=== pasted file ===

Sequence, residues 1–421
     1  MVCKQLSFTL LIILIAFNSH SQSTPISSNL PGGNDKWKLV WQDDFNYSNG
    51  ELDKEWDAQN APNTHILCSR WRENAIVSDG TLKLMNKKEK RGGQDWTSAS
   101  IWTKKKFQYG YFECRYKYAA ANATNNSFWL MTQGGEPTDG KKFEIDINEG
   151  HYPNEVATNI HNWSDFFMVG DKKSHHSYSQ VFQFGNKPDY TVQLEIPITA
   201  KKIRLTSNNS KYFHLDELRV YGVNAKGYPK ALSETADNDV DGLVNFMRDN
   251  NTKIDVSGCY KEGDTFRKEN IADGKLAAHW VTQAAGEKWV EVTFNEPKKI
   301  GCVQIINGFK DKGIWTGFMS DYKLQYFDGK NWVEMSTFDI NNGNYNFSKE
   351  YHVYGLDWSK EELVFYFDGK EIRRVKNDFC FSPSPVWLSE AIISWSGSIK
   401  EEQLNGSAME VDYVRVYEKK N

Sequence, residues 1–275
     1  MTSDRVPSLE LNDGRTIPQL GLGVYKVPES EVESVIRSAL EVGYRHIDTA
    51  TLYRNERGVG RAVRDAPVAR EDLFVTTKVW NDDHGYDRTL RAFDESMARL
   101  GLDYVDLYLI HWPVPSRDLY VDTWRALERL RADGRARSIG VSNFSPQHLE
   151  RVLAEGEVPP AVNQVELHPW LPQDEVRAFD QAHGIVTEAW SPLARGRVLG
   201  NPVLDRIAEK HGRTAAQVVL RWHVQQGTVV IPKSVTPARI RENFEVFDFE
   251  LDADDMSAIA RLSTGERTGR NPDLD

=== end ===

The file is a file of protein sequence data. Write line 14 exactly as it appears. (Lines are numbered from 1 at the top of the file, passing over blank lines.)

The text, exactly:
   101  GLDYVDLYLI HWPVPSRDLY VDTWRALERL RADGRARSIG VSNFSPQHLE